Measles: Still "A Thing" (in the US in 2016)

Buried amongst the myriad Zika virus headlines, so hard to find it took some looking, is news of measles cases in the US...again. While not as explosive as the recent Disneyland-linked outbreak the 2 cases that have occurred this year are instructive as they are cases that should not be occurring in the US.

The cases occurred in the states of California and Texas. In Texas, an unvaccinated child who traveled internationally -- where measles is rampant -- was infected and later exposed classmates at an elementary school early in January. That this happened in Texas is not surprising as it is the 2nd least vaccinated state and this low rate of vaccination is reflected in the fact that some of the students exposed were not vaccinated. It appears, however, that herd immunity as well as luck delimited the impact of this case as no secondary cases occurred and the incubation period has since passed.

California, where the other 2016 case occurred, is the state in which a new law was enacted to increase the rates of vaccination in schools by eliminating religious and "philosophical" exemptions. California, being the epicenter of the 2014-2015 outbreak, also had a major reminder of the danger of measles that had ripple effects that led to increased vaccine confidence among the vaccine-hesitant. The details of the California case haven't been released and it will be important to determine the circumstances surrounding this case.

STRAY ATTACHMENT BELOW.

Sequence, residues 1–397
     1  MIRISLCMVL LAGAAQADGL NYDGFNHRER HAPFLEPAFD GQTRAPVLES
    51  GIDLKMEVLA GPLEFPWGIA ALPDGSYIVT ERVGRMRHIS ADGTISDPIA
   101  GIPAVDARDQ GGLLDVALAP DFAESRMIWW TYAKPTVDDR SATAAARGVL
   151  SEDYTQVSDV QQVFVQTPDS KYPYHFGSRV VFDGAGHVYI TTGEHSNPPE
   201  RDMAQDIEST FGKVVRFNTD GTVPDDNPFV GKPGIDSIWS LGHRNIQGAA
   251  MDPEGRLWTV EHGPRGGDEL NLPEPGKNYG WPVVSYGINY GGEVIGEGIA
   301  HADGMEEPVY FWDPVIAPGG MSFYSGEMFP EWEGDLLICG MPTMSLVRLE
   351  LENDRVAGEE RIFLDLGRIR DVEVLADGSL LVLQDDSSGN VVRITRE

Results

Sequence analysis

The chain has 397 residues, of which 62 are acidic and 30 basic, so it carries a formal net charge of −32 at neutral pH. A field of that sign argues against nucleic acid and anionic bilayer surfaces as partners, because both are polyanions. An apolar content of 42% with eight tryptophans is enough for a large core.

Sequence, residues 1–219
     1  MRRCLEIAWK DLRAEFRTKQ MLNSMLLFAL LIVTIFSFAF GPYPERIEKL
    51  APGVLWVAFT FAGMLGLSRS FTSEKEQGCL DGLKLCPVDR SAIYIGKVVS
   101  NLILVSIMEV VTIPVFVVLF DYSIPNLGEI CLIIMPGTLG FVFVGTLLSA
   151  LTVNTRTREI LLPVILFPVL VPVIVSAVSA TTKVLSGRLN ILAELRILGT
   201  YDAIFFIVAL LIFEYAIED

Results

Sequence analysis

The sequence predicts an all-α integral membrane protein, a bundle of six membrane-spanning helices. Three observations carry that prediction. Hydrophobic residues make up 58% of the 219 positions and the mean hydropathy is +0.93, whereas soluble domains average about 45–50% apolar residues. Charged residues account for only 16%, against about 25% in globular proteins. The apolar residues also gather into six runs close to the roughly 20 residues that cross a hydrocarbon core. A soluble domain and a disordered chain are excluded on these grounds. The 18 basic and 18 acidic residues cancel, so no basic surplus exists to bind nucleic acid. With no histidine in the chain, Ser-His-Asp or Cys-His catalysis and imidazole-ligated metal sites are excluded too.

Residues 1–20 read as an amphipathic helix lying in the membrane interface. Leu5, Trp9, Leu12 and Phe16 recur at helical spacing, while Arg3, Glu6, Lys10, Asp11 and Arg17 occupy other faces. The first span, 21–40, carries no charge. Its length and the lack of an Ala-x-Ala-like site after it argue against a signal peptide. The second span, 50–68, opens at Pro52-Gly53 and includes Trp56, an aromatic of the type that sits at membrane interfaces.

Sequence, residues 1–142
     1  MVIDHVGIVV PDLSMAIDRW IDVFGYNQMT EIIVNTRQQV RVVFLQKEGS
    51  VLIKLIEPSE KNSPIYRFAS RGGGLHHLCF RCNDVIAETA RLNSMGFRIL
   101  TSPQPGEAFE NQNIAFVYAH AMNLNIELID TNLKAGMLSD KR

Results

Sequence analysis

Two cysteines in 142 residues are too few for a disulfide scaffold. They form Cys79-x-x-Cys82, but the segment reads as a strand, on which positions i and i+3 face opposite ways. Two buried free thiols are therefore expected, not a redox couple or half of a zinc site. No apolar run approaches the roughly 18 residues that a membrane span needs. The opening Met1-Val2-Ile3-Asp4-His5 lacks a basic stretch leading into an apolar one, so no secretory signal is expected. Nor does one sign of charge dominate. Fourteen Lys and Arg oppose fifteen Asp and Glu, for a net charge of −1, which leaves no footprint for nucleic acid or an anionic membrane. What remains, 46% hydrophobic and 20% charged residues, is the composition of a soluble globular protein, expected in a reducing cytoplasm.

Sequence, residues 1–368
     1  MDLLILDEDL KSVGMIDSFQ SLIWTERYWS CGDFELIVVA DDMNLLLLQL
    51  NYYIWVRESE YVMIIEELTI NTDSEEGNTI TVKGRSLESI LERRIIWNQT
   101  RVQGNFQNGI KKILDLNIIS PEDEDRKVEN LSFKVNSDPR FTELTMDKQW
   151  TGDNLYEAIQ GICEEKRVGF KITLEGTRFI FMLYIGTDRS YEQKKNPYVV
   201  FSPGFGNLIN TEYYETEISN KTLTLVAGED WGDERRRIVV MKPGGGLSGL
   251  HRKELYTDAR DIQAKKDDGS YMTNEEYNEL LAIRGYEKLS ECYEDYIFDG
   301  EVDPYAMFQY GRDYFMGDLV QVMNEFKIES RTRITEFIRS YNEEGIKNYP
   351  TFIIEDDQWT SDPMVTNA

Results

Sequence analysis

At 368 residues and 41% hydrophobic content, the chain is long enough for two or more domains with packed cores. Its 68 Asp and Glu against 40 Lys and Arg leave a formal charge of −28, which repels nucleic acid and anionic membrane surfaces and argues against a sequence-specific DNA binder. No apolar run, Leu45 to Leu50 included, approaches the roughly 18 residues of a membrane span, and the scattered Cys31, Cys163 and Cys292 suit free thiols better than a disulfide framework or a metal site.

More measles cases will occur in the US this year and many children will remain unvaccinated kindling for this virus.



Measles Still Has A License to Kill

The news of the 1st acute measles death in the US in over a decade is an event that should serve to remind those who doubt the ability of this virus, which kills 145,000 people per year, to inflict damage in the developed world. However, I doubt it because if people can blow off the 20% hospitalization rate that occurred during the Disneyland outbreak, one immunosuppressed person's death isn't enough to crack through layers of evasion.

I am interested to learn the details of this unfortunate case that resulted in a fatal measles pneumonia to see how the diagnosis was made, when it was made, and what confounding variables were present (I know no rash was present, something that occurs in the immunocompromised).